So we decided to send birthday postcards to Sec. Clinton on her birthday on October 26. We used Facebook, Twitter, and a website to get our message out. Our original goal was 10,000 postcards sent to the State Department, but we ended up exceeding our goal to 17,000! We originally wanted 50 chapters- one for each state- but had 56 chapters (four internationally) by October! With this great success, we called the State Department and asked for a meeting with Sec. Clinton. We aimed high, but were successful at getting a meeting with the Ambassador for Global Women’s Issues (and a personal friend of Hillary’s) Melanne Verveer. During finals week, we got together a car of six students, two Congolese- Americans, and Professor Laurie Gagne and drove to Washington, DC for the meeting. We were greeted there by about 30 other members of Dear Hillary chapters from around the country. Ambassador Verveer seemed to understand our message and we emphasized the sense of urgency we all felt to prioritize peace in the DRC. We brought a platform of proposals that basically stated that humanitarian aid alone will not stop the rapes and murder from the conflict; only diplomatic, political action will bring peace.We left the meeting even more fired up to advocate on behalf of the Congolese community that has become our friends. Students have a lot of political power and it is our responsibility to tell our politicians what matters to us. We are now in “phase two” of Dear Hillary and are so excited to have even more students involved. Check us out on Facebook and think about getting involved!
Saturday, February 5, 2011
Spending two weeks in any country does not automatically make you an expert on that country and I am by no means an expert on Egypt. There were many thing
s that I missed, not being able to speak the language fluently. This having been said, there were some things that jumped out at me and became apparent while I was in Egypt.
An uprising in Egypt at this time was a surprise, but the fact that there is anger at Mubarak is not surprising. After events in Tunisia I suspect there were a lot of Egyptians who thought “I am in that same situation as they”. One example was a cab driver I had. He was a college graduate with a degree in social service. Now I know that this type of skill could be put to good use in Cairo but here he was driving a cab. The level of unemployment is very high and especially for the younger 20s generation. I saw many of these unemployed walking around with their girlfriends or just hanging outside of shops. It was not uncommon for lines of them to be almost a block long in some cases. The massive unemployment, the skyrocketing cost of living, the disgusting state of life in Cairo, the crumbling infrastructure, the squatter settlements, were all things that people were grumbling about that affected their daily lives. Many people seemed content with keeping their heads down and going about their daily lives until their livelihood and standard of living decreased. Then Mubarak began to run into problems.
Add to this discontent the problems of corruption in politics, the construction industry, and the ministry of the interior, Mubarak's lack of a successor and you begin to see a country that had major problems looming on the horizon. When in country, I was expecting the problems of Egypt to come to a head during the lead up to elections later this year.
Tunisia changed this. It provided a spark for the current protest in Cairo. The problem was that the police are literally everywhere in Egypt. There are just too many police to allow any protest movement to gain momentum. Al-Jazeera had a statistic saying that there is one police officer for every 37 people in Egypt. As crazy as that ratio sounds, I am not too surprised by this. Literally there was a police officer on every street corner with an AK-47. The police are known to torture people and their brutality is a major deterrent for a movement. Look at how the protests in Syria have no momentum because the police are so brutal. This is how Facebook and social media were able to help this revolution, but the revolutions foundation was already laid. Facebook was only able to help carry the momentum in a faster manner. My analogy is that the snowball was able to be put together faster due to social media but the snow was already there ready to be packed.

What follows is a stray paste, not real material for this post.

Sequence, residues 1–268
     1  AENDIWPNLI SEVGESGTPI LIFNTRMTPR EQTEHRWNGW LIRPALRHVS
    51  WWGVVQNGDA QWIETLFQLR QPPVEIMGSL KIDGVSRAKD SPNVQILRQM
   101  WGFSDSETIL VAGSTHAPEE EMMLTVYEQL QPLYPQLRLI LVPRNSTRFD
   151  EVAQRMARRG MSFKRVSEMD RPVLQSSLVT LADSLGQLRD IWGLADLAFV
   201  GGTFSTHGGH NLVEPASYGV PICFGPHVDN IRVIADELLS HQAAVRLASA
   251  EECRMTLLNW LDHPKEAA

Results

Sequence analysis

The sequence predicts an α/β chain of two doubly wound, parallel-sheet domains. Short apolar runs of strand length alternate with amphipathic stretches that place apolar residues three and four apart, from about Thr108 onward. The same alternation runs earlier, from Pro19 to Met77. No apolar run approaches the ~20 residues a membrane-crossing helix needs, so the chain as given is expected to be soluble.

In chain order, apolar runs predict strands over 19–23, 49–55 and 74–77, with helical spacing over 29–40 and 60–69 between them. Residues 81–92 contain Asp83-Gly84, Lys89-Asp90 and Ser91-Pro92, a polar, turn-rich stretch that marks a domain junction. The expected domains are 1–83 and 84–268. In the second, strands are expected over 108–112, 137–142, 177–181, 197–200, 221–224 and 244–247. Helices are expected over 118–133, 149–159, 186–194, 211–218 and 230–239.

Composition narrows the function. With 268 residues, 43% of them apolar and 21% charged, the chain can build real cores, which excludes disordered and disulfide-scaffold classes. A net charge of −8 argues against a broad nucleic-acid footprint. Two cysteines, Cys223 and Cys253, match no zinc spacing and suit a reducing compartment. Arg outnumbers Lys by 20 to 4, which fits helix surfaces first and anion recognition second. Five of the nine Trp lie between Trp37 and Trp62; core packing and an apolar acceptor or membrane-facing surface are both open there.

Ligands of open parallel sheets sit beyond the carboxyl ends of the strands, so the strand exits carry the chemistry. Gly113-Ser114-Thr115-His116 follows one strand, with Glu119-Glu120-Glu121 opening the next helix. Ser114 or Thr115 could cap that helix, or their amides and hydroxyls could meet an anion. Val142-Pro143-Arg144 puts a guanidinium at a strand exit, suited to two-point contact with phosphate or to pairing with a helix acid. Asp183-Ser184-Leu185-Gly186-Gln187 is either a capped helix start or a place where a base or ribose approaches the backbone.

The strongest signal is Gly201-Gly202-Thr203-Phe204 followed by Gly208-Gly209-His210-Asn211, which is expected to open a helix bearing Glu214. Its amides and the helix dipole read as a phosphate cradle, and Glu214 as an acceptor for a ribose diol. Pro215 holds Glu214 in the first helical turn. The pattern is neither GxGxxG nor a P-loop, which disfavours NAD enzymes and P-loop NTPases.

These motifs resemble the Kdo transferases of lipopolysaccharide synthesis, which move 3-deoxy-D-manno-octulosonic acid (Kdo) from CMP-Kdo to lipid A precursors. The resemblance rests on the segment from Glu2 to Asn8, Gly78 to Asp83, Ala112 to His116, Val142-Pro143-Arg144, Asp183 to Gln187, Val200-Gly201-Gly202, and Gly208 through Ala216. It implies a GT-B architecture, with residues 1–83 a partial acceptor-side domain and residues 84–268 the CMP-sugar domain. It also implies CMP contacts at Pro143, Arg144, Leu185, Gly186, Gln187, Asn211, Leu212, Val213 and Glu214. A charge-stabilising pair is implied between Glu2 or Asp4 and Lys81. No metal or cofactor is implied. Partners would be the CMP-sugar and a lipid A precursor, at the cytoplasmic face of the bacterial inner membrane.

I do not think that it is a certainty that the Muslim Brotherhood (MB) will necessarily come to power in a democratic election, there is that possibility though. Over the past few years Egyptian society has gotten more conservative, you could easily see that the few women who were seen out in public were all wearing a headscarf or hijab (I only saw a few women without any head covering and I had a very strong suspicion that two of them were prostitutes due to the makeup and clothing that they were wearing). I would argue that Egypt has turned more religious and socially conservative because of the increased hopelessness of the Egyptian people. As life became more and more miserable religion became a way out for people. It is a phenomenon that happens all over the world, and Egypt is no different.
After graduation, Matt will be attending graduate school to study international relations.
Thursday, February 3, 2011
Northern Vermont had been spared truly heavy snow cover until this week. Several storms have passed mostly south and east of us, hugging the New England coast and sparing the Champlain Valley. Not so for our most recent storm that covered the eastern half of the country. Much of Vermont received between 15 and 20 inches of new white stuff. Of course, were you only listening to the media, and not looking out of your window, it sounded like the end of the world as we know it: Snowpocalypse! You would think the entire North American continent must be tilting toward the east under the weight of all that snow. It the western states were slightly elevated as a result, would California break off and float away? Would the Great Lakes drain like a tipped fish tank? Would Cape Cod be submerged?
In reality, we’ve seen worse. Many local schools and some businesses did close, but Saint Michael's College held classes, as usual. All but a few of our undergraduates reside on campus anyway and so have only a short walk to class. Faculty commute and some come from a long way off. In such circumstances, we are left to our own best judgment, but most of us made it in. The College’s buildings and grounds staff do a terrific job of clearing snow and keeping us in good order. I arrive before seven each morning and find the parking lots fully cleared. Kudos must also be given to the road crews in towns across the state. Sometimes working through the night, they keep us moving safely with some caution on our part. Lower speed, prudence and four-wheel drive get us to our destinations.
A good snowfall can wreak havoc down south, but in Vermont we are prepared and know how to deal with snow.